New England State Rail Maps

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Re: New England State Rail Maps

Postby BostonUrbEx » Sat Oct 25, 2014 10:18 pm

According to the MA rail map, Pan Am still "owns" the Salem & Lowell Branch from Peabody Sq to West Peabody Jct, and again through the entire town of North Reading. However, it is also listed as abandoned and/or "unknown." So, is this true? Perhaps they're still milking the ROW from utility companies renting space for gas mains, power lines, etc?
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Re: New England State Rail Maps

Postby F-line to Dudley via Park » Sun Oct 26, 2014 2:18 pm

BostonUrbEx wrote:According to the MA rail map, Pan Am still "owns" the Salem & Lowell Branch from Peabody Sq to West Peabody Jct, and again through the entire town of North Reading. However, it is also listed as abandoned and/or "unknown." So, is this true? Perhaps they're still milking the ROW from utility companies renting space for gas mains, power lines, etc?


The MassDOT map isn't accurate at all. It's compiled from GIS data and topo maps dating back to the 19th century, and there are all sorts of abandoned ROW's on there that have either been so thoroughly obliterated they no longer exist or showing incorrect ownership. It's a nice-looking map, but very flawed methodology for keeping track of ROW's because it isn't synced to active property records and over-weights old historical data vs. current availability. They'd have been much better off if they dialed it back to the same level of detail as, say, the New Hampshire state rail map.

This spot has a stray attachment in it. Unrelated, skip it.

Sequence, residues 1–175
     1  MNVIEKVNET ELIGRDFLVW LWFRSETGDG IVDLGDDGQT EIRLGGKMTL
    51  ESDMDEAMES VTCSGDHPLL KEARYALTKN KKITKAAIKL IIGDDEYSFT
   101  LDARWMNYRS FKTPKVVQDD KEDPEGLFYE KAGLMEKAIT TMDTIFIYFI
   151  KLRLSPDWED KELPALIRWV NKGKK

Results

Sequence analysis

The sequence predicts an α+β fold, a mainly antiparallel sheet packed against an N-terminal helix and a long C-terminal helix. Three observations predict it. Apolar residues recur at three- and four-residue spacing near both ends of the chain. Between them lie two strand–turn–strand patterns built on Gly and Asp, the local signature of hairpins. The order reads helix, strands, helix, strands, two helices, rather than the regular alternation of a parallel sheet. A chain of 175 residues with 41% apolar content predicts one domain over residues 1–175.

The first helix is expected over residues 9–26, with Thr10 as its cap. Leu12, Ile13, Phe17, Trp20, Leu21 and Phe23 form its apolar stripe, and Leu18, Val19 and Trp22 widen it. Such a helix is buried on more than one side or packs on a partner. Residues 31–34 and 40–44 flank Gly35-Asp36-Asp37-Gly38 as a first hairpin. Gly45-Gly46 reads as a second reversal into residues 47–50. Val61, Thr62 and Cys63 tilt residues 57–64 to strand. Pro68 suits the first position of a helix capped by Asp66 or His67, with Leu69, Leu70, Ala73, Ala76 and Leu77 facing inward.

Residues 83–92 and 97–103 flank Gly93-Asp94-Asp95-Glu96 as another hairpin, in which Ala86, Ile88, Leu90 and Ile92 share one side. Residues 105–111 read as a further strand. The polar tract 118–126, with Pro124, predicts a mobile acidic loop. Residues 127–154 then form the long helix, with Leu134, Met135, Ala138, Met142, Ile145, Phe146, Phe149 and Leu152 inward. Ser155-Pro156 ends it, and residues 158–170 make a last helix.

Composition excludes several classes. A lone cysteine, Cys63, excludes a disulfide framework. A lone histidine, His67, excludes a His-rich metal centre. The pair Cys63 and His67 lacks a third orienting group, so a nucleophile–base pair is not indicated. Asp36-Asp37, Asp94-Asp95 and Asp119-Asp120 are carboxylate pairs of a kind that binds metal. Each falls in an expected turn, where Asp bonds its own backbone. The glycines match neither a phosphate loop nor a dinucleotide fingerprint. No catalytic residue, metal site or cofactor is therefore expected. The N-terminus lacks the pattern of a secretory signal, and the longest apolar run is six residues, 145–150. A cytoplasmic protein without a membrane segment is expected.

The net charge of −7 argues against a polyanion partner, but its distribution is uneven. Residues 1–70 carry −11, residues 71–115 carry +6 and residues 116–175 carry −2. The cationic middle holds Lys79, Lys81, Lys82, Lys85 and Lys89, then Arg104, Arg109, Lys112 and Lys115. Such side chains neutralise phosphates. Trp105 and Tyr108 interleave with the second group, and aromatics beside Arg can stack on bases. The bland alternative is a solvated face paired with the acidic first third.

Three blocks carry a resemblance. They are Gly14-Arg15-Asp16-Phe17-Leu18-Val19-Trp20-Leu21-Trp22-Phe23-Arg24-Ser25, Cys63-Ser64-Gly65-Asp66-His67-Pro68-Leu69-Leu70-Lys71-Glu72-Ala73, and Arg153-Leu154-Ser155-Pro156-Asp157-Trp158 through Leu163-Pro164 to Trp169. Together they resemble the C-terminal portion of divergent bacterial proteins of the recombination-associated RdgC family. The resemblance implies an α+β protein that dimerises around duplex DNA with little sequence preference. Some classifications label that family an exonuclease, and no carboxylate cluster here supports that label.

For example, the S&L from Peabody Sq. to I-95 was abandoned by B&M in 1962 when I-95 was being built; all freight traffic was re-routed the long way around through Danvers to allow the interstate to sever it. Route 128 used to have a S&L grade crossing right there that was also eliminated in the abandonment so it could be reconstructed to full limited-access highway standards with Northshore Rd. built as a local-access frontage road. Despite this, the S&L remained a "phantom" active line on topo maps through there as late as 1984. See Historic Aerials. You can see the old 128 grade crossing disappear when Northshore Rd. appears, then click through all those erroneous topo maps. The MassDOT rail map reflects the aggregate of 20 years worth of erroneous topo maps by showing it as "Pan Am" ownership "Unknown" operating status. When what really happened is that B&M abandoned it 50 years ago and it was immediately snapped up by the power company before the easements got abolished and parceled off to landowners (pretty much the only excuse there was back then to maneuver a "landbank"). PAR isn't collecting rent on anything disused that pre-dates Guilford by 2+ decades...B&M had to shed all that stuff in their various bankruptcy reorgs and the '76 amnesty line sale to the state.